Murray Fun Days' appeal keeps pulling people back
Murray • Even before Miss Murray McCall Gray recited the pledge of allegiance to begin a Fourth of July sunrise service Friday, Murray Park was abuzz with activity.
People had staked out all the prime parade-viewing spots along the road that cuts through the picturesque park flanking a verdant stretch of Little Cottonwood Creek, majestic cottonwood trees providing sought-after shade on a hot morning.
Other folks lined up in front of Pavilion 5, where the Murray Lions Club was cooking more than 1,000 sturdy breakfasts of pancakes, sausages and eggs, at just $5 for adults and $3 for kids, all proceeds going to worthy causes.
"We're happy to make money for our eyesight programs and our scholarship to Murray High," said John Robinson, who isn't currently Lions Club president but has been five times since 1968. "All my family's involved in this. My kids and grandkids are cooking and serving."
That's the way it is in Murray, a tight-knit community with its own school system and a top-notch parks-and-recreation program financed by car dealers and other businesses on State Street. It, naturally, was the route of the Murray Fun Days parade from Fashion Place Mall to Murray Park.
Because of all of the city's amenities, many people from Murray stay in Murray. Those who move away often return for events like Fun Days, which never really changes all that much. That's its charm.
"Everyone wants to keep it down home," said Cindy Sorensen, who secured a spot near the end of the parade route "so you can talk to the people when they're jumping off the floats. And they usually still have candy, which is most important."
Murray resident Gerry Trujillo, 61, said he's celebrated the Fourth at the park for "as long as I can remember. When my kids were small I brought them here. Now I'm bringing my grandkids, too," he added, sprinting off to catch up with eight littler ones he was keeping an eye on.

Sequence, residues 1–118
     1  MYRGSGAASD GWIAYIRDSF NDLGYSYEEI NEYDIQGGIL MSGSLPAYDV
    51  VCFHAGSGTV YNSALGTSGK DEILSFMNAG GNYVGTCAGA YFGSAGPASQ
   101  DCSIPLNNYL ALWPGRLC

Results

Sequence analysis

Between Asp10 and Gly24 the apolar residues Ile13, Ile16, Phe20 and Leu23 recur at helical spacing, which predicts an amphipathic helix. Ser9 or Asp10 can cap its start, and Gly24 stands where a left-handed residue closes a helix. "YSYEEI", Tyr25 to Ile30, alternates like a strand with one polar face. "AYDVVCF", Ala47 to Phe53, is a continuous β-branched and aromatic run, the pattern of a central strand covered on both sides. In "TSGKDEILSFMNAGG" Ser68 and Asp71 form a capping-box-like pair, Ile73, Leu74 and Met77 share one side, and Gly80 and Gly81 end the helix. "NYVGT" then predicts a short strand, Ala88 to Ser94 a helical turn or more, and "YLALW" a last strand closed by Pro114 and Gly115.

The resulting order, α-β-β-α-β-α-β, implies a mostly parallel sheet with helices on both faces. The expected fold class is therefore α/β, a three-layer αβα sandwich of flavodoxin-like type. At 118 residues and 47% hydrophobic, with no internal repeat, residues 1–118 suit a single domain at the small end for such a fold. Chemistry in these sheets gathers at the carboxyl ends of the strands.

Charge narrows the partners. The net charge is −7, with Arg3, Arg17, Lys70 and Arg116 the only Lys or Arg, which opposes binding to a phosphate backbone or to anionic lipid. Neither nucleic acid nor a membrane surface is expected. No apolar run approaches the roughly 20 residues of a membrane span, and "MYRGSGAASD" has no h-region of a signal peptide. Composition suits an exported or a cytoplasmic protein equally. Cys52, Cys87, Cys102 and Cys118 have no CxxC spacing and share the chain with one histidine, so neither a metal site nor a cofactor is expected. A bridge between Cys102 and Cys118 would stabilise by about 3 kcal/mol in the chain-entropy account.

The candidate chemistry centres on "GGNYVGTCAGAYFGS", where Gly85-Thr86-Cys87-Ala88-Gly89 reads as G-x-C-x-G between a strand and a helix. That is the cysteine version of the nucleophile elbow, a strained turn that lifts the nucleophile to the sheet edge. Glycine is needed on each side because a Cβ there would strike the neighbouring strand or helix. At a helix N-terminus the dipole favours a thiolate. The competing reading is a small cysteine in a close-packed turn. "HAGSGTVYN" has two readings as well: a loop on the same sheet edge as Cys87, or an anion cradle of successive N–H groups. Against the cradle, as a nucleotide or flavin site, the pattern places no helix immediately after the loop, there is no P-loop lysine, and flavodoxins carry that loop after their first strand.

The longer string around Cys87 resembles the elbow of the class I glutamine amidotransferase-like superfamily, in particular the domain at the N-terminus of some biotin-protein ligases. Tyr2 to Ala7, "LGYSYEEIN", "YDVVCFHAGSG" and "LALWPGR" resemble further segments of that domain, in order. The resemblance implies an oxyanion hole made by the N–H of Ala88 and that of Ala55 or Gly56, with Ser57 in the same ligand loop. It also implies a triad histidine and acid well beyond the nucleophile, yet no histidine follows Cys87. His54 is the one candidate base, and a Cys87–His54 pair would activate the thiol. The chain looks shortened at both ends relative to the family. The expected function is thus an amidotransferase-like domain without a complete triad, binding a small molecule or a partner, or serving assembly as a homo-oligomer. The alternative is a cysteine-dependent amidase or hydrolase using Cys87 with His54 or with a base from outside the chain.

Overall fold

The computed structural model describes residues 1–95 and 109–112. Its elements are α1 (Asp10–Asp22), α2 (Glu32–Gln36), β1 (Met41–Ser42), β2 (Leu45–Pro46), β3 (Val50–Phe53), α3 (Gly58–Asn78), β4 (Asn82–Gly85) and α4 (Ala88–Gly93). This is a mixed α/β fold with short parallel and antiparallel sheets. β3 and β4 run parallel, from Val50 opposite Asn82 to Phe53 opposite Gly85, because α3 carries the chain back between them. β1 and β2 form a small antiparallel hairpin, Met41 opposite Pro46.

One who keeps coming back "to my roots" is Joseph Bishop, 29, now of Herriman.
"I don't know anything else. I've been setting up for the breakfast since I was 5," said Bishop, whose grandfather, Art, has been involved in the Murray Lions Club breakfast since its inception.
"This is a nice community and we take care of our own," said Art Bishop, a visible figure in Murray's school system for a quarter century.
Cases in point: recently retired Mayor Dan Snarr was picked to be parade grand marshal, his handlebar moustache standing out in fine form, while one of Snarr's predecessors, Lynn Pett, received a warm round of applause when he and his wife, Kathleen, were spotted in the sunrise-service crowd.
People intermingled throughout the day, a 1 hour 45 minute parade giving way to scores of activities, from kids games and a vintage car show to competitive coed two-on-two volleyball games and a 5K race that attracted 531 runners and walkers.
The eldest, 89-year-old Sid Smith, was happy to have won the 75- to 99-year-old division, laughing that "when you get to my age, most of the challenge is getting here." Pointing to the ground, he added, "and most of my competition is on the other side."
But for the most part, Fun Days is about the kids. And they were everywhere Friday, chasing down candy, running and screaming and crying. That's what 86-year-old Murray resident Joy Painter has always loved about her 30 years worth of Fun Days.
"The excitement of the children can't be beat," she said.